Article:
“I didn’t know what I was getting into when I left. I just was hoping that maybe for the sake of me and my child they let me come back,” she added.
Her case comes as European nations struggle with how to deal with extremists eager to return home following the disintegration of Daesh’s “caliphate” in eastern Syria.
US President Donald Trump again demanded on Saturday that they take back hundreds of captured Daesh fighters.
Trump said on Twitter that the United States was asking Britain and other continental allies “to take back over 800 Daesh fighters that we captured in Syria and put them on trial.”
The demand came as he prepared — ahead of the pullout of US troops — to declare the group’s so-called “caliphate” destroyed, with US-led Arab and Kurdish forces close to capturing its last Syrian territorial holdout.
“The US does not want to watch as these Daesh fighters permeate Europe,” Trump added.
“Time for others to step up and do the job that they are so capable of doing. We are pulling back after 100% Caliphate victory!“
Begum, previously gave birth to two other children after marrying in Syria. Both children died.
Leading politicians, including interior minister Sajid Javid, have vowed to prevent her return, pointing to her lack of remorse for joining the terror group.
Begum told Sky News she was aware of Daesh’s brutal tactics, including conducting beheadings, but did not regret going to Syria.
“I knew about those things and I was OK with it at first,” she said. “They take care of you... you’re living under Islamic law.
“I don’t regret it because it’s changed me as a person, made me stronger, tougher.”
The teenager, who said she had had no contact with British officials, added the government should not block her homecoming because she was “just a housewife” while there.
“I never made propaganda, I never encouraged people to come to Syria.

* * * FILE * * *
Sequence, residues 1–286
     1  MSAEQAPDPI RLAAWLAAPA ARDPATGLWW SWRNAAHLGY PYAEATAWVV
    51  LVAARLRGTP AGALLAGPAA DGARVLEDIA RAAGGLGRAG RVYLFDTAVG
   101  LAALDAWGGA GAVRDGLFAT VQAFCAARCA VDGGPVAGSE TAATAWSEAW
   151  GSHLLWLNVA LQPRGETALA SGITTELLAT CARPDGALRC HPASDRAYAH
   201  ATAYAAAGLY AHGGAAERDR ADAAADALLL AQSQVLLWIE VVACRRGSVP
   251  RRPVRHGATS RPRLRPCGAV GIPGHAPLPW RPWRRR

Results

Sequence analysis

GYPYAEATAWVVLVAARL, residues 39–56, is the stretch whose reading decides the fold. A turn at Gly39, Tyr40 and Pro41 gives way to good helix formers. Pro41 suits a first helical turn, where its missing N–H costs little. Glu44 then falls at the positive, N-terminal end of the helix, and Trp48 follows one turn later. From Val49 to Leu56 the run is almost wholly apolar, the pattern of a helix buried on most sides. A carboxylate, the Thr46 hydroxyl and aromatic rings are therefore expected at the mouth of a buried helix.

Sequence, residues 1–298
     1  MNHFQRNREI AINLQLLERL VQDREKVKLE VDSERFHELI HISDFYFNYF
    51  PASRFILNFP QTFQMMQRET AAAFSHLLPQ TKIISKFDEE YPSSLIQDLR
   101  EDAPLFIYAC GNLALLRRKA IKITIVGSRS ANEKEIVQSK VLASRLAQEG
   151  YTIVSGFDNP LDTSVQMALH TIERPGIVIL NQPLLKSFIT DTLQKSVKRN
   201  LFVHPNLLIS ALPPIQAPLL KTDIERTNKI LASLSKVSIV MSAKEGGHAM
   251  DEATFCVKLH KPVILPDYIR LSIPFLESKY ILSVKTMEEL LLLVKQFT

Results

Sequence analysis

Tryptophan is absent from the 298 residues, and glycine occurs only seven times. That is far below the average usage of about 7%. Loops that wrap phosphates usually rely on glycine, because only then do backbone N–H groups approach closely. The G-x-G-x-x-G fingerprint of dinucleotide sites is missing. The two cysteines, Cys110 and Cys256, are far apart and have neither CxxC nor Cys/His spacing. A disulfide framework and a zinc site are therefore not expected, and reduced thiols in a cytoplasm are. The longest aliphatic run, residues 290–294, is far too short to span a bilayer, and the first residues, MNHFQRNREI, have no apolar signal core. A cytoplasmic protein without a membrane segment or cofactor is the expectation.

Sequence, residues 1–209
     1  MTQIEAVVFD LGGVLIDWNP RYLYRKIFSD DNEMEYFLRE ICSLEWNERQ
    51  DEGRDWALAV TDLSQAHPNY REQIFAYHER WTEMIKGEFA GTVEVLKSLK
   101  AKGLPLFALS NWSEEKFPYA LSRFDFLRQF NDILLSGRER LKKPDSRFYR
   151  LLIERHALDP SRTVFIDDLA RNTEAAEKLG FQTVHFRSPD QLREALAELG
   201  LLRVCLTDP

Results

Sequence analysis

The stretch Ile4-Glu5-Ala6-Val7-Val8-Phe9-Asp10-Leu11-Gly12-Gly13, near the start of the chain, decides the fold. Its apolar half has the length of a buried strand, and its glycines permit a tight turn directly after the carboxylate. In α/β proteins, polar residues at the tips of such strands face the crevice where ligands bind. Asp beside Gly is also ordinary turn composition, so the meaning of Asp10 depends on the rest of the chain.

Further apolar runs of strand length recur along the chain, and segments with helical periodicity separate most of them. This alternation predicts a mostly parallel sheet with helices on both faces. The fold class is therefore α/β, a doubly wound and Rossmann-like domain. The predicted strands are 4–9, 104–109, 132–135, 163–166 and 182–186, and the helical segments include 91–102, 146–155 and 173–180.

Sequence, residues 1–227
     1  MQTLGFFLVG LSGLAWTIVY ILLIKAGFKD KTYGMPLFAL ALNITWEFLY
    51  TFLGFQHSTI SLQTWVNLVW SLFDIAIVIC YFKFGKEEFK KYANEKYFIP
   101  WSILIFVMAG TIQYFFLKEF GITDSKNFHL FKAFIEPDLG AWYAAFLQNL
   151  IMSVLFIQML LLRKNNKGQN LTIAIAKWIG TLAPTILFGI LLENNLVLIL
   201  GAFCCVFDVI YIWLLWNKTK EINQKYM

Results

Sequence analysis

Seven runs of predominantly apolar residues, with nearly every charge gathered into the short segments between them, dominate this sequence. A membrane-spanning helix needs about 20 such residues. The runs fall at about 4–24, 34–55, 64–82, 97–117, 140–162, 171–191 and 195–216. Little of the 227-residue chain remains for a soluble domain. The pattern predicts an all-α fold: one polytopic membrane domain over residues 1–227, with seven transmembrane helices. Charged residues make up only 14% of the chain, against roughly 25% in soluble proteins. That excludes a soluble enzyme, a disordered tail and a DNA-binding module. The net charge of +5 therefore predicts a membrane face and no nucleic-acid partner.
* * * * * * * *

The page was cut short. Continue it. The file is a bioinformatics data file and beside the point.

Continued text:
“They don’t really have proof that I did anything that is dangerous,” she said.
Europe has long been grappling with how to respond to foreign fighters, and their supporters or dependants, caught in Syria.
However the looming US departure has created a deadline for those governments whose citizens joined IS and have now been captured by the US-backed, Kurdish-led Syrian Democratic Forces (SDF).
Britain’s government appears split on the issue.
Culture Secretary Jeremy Wright, a former attorney general — the country’s chief legal adviser — told the BBC on Sunday that it was “obliged, at some stage at least, to take them back.”
He noted it was “a matter of international law and domestic law.”
However, writing in The Sunday Times — under the headline “if you run away to join Daesh, I will use all my power to stop you coming back” — Javid insisted the government should strip “dangerous individuals of their British citizenship.”
He said Britain had already exercised this power more than 100 times.
“In considering what actions need to be taken now, I have to think about the safety and security of children living in our country,” Javid wrote.
Other European countries that have chosen to leave the extremists in SDF detention are now being forced to confront the situation.
“All German citizens — including those who are suspected of fighting for the so-called Islamic state — have a fundamental right to travel back into Germany,” a German foreign ministry source said Sunday.
Belgian justice minister Koen Geens told Flemish broadcaster VRT there was the need for a “European solution” to the issue, but appeared irked by Trump’s blunt call.
“It would have been nice for friendly nations to have these kinds of questions raised through the usual diplomatic channels rather than a tweet in the middle of the night,” he said in Dutch.